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Is Lumia Nokia’s Saving Grace?

NOKIA HAD REPORTED BETTER-THAN-EXPECTED SALES FIGURES FOR THE LAST QUARTER OF 2012, MOSTLY THANKS TO ITS LUMIA SMARTPHONES. SO IS THIS PROOF THAT LUMIA IS NOKIA’S SAVIOUR IN THIS HIGHLY COMPETITIVE SMARTPHONE MARKET?

Nokia have recently been losing market share to the likes of Samsung and Apple, however its change of strategy in February 2011 to drop its Symbian operating system and adopt Microsoft Windows Phone may finally be paying off.

Nokia reported sales of 3.9 billion euros in devices and services for the fourth-quarter of 2012. More than half of its smartphone sales were from their Windows-based Lumia handsets and shares have increased by 10.8% as a result (Nokia Corporation).

However, Nokia’s turnaround from reporting losses in the first half of the year to reporting net profit in the last quarter of the year can be attributed to a combination of factors, including the launch of the Asha smartphone which is experiencing high demand, costs cuts, success in other services including its Siemens Network and of course, strong Lumia sales. Nokia’s Windows Phone-based devices have finally outsold Nokia’s other phone devices running Symbian and Meego. Microsoft’s impressive user-base will no doubt also work in favour of Nokia.

“The decision to align with Microsoft has allowed Nokia to benefit from integration of Microsoft services such as Outlook, Office 365, SkyDrive, Skype and Lync to name a few. These services have helped Nokia to provide a sound solution in a business environment, particularly for corporate users who participate in BYOD (bring-your-own-device) initiatives in the workplace,” commented James Watkins, Software Architect at Solentive Software.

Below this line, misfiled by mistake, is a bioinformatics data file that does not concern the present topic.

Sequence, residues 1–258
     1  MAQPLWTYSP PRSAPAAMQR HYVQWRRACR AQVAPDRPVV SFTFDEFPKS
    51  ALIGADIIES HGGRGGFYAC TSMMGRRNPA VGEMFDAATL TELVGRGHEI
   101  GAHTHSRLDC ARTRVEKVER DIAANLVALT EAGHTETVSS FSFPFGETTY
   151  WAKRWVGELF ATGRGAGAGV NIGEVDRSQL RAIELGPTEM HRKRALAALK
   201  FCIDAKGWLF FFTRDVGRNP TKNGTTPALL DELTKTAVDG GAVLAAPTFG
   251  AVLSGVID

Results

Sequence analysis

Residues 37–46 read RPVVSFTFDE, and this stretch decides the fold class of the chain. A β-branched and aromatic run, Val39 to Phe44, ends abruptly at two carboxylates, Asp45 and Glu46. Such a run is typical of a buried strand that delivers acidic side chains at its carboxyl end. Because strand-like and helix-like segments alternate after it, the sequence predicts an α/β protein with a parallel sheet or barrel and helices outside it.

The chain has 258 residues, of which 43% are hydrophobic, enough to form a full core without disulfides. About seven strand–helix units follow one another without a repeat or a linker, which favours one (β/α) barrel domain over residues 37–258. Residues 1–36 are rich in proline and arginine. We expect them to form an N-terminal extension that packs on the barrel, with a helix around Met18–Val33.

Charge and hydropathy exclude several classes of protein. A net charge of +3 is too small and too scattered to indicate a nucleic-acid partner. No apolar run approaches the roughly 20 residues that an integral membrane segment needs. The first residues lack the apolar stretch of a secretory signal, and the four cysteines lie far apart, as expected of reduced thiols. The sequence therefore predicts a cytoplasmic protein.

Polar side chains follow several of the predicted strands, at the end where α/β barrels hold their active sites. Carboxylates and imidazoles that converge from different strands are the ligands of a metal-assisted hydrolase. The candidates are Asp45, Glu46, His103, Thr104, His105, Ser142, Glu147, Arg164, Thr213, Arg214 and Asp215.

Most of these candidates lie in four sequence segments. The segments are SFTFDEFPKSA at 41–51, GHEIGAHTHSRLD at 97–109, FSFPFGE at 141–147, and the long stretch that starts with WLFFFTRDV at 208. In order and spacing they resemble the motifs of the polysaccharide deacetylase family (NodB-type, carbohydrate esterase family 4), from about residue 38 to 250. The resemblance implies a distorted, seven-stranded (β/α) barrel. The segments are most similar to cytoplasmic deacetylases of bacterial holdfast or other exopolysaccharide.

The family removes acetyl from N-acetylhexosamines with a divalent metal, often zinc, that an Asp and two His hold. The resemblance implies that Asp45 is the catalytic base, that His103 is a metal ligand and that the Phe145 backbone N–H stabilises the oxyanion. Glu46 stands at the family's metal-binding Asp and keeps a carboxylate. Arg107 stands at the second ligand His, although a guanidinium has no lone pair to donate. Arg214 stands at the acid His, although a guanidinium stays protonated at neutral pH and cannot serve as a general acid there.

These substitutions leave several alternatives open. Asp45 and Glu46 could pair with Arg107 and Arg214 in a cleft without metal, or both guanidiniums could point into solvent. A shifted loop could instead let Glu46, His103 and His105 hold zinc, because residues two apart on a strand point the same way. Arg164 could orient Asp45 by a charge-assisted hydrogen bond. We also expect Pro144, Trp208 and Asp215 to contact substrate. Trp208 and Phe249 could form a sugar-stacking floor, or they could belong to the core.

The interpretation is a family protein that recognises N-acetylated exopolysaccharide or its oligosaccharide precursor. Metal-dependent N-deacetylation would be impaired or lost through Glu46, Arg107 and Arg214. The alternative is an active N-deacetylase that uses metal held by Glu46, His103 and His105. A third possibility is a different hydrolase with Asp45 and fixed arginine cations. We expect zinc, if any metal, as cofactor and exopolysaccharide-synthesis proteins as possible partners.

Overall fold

Some major organisations have also adopted Nokia’s Lumia range of smartphones for the ease of integration between their devices, particularly for those who are predominantly running Microsoft products. Furthermore, the Windows Phone 8 operating system allows organisations to deploy applications, updates and communications to employee-issued Lumia phones (WMPoweruser).

“For the average consumer, Windows Phone provides services via Xbox Live, games, music and video. Social media integration is also built into the device to offer a complete entertainment solution,” continued Watkins.

“If Nokia is able to fully capitalise on Windows Phone, Lumia will be Nokia’s saviour in the smartphone market, but it will take some time to achieve major success,” offered Watkins.

Moreover, if Nokia continues to expand its range by offering mid-tier smartphones like its Asha phones to developing markets such as China and India, they will be able to compete more aggressively than at the higher end of the market against the likes of Apple and Samsung. According to some analysts, mid-tier consumers tend to show loyalty to the same brand or operating system when upgrading their phones (IBN Live).

References

Surur, Sports Direct adopts Nokia Lumia 820 as corporate smartphone, February 2013 – (WMPoweruser)

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